Extreme levels of “dings” turn life into a continuous celebration, a celebration resulting in excessive body fat.

The Middle Ground

All three of the options above options are extremes. Is there not an option that isn’t extreme? Can’t you get “ding” like celebrations without going straight down hill? Indeed you can!

Several months ago a obese, younger woman came to my food pantry with lupus and in great pain, barely able to reach the chair. I gave her my book and suggested she consider eliminating or reducing flour and sugar in her diet. She took my book and advice to heart.

Yesterday I saw her again, 30 lbs lighter and still losing, not in pain and able to move around easily. I enjoyed watching her walk briskly to her car.

Her husband has also lost 30 lbs. She has more fat to lose but 30 lbs was enough to change her life. Lost along with her weight is her craving for bread but she says it took a bit to make that happen. Apparently being miserable created enough motivation to stay the course. She knows this is permanent course change.

The goal is the middle ground. Losing enough body fat to get below your fat cells’ max accumulation or, better yet, avoiding reaching your max accumulation. Simply minimizing the list of flour/sugar based foods on the grocery and convenience store shelves is usually enough.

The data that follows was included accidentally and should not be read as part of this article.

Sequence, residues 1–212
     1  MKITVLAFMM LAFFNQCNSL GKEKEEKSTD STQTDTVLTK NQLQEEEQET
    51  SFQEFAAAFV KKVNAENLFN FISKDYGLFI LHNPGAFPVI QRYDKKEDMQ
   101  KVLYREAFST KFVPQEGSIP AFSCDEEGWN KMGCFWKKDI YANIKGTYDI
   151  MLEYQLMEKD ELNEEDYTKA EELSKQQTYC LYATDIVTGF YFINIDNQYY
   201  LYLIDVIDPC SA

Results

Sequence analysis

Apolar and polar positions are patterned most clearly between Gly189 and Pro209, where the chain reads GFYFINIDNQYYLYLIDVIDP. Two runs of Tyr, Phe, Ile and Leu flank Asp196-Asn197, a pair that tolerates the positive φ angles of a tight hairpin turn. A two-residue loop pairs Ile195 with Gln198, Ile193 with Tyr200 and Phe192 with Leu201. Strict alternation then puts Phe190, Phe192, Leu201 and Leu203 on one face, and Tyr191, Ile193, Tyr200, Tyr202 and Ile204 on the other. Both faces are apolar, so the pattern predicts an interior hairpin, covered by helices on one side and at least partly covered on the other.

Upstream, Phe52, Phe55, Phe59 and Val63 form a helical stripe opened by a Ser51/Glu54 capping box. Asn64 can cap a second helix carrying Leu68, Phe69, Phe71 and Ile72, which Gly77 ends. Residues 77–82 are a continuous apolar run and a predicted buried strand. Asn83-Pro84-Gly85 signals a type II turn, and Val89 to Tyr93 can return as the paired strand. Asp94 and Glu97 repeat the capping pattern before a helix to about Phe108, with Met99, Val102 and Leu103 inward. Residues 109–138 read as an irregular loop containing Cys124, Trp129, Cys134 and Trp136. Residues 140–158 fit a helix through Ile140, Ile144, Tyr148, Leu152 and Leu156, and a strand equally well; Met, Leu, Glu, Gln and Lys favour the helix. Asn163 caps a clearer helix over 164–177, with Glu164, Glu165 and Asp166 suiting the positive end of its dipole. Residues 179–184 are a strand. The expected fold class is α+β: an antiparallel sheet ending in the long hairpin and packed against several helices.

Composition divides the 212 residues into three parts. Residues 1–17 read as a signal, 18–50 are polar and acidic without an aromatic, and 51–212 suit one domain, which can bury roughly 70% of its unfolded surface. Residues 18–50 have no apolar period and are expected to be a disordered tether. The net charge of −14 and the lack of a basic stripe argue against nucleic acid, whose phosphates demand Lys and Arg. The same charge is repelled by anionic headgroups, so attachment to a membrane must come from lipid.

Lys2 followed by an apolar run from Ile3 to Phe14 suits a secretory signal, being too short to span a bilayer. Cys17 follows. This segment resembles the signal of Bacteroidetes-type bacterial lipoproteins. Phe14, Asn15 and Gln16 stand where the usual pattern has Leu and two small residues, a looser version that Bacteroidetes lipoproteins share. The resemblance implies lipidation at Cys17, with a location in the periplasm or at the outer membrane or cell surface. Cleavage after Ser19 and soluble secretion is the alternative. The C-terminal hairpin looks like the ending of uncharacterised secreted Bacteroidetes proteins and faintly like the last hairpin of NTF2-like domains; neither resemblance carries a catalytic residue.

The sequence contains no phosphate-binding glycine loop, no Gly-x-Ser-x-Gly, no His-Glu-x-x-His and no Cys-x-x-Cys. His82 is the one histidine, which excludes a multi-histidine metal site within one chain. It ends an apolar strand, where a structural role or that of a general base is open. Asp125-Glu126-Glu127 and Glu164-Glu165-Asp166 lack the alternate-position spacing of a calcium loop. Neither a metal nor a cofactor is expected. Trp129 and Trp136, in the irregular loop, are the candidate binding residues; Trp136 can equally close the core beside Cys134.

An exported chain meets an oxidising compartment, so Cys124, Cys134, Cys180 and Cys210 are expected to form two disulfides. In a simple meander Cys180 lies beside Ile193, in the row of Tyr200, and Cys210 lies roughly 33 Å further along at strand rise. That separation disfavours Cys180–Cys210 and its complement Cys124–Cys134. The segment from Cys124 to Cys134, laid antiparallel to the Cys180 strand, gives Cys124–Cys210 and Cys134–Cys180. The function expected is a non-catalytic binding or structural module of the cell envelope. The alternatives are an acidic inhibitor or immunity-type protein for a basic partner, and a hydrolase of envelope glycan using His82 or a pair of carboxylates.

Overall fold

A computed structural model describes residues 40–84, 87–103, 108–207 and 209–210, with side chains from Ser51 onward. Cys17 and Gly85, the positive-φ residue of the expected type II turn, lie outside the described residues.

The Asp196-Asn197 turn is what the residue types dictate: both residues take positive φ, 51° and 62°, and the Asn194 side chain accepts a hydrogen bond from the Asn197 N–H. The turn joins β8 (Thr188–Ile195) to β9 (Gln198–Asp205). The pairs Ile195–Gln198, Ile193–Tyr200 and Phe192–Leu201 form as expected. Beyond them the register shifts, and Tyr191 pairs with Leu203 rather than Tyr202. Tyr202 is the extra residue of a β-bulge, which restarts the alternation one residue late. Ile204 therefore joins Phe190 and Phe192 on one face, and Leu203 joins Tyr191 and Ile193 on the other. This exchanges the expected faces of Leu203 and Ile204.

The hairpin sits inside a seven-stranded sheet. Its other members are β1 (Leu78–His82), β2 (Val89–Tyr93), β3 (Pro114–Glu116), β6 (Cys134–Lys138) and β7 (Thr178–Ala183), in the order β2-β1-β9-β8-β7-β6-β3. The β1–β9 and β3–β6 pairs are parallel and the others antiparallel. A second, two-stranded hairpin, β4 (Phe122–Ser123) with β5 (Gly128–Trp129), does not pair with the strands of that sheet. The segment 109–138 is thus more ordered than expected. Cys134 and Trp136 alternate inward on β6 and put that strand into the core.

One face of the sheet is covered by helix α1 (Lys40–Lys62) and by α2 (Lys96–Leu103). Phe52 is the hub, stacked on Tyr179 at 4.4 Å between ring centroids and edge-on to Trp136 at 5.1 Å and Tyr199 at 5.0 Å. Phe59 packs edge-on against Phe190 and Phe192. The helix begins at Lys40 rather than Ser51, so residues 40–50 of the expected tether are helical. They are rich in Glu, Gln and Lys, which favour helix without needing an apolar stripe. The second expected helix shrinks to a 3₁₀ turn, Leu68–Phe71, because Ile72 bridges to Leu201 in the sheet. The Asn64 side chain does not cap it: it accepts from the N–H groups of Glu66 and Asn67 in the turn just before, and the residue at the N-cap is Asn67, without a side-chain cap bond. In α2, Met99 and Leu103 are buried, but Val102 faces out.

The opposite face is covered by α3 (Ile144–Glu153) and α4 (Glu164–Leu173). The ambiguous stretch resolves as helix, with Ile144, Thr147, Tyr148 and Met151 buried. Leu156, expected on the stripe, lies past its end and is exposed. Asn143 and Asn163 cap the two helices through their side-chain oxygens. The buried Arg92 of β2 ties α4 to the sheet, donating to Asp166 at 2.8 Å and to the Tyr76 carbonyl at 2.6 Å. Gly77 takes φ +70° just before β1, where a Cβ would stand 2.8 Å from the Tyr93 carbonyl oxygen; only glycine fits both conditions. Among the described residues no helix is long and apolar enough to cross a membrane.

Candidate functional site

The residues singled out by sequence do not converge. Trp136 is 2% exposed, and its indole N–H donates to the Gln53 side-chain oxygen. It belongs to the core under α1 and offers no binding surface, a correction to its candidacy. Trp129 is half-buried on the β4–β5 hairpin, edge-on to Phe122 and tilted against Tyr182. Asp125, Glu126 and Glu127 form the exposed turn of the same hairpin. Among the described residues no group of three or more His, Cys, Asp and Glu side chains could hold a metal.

Here is that list again in case you have forgotten: bread, sweet treats, dry cereal, hamburger/hot dog buns, rolls, biscuits, pizza crust, pasta, taco shells, pancakes, gravy, batter for meat, tortilla chips, crackers, Doritos,

Figure out which you can eliminate. Be selective about your celebrations. Do it! Expect some early struggles because, after all, habits are sometimes difficult to change.

Don’t be in a Hurry

Losing quickly is not the goal. The more extra weight you carry, the more your brain thinks that body fat is needed for a rainy day and is reluctant to give it up. Sneak up on the fat loss slowly.

Don’t count calories and don’t weigh daily. When your clothes become too big, the inches around your waist are less, you are on a roll. If that doesn’t happen you’ve probably been to generous with your celebrations.

If you happen to be diabetic, have high triglycerides and/or heart trouble you have likely reached max accumulation. And you already have discomfort in unfortunate ways, just like my food pantry friend mentioned above. Perhaps you motivation will match hers. ___________________________________________________________

Pat Smith is the author of “It’s All about the Food,” a book that guides nutritious food choices as the way to avoid illness and maintain a healthy weight. Her books are available on Amazon, at Bob’s Food City in Mount Ida, and at the Mount Ida Area Chamber of Commerce. Proceeds from her book benefit the Montgomery County Food Pantry. Her website is http://www.allaboutthefood.org/ She can be contacted at patsmith2@live.com, 501-605-3902. Her Facebook page is www.facebook.com/patsmithbooks.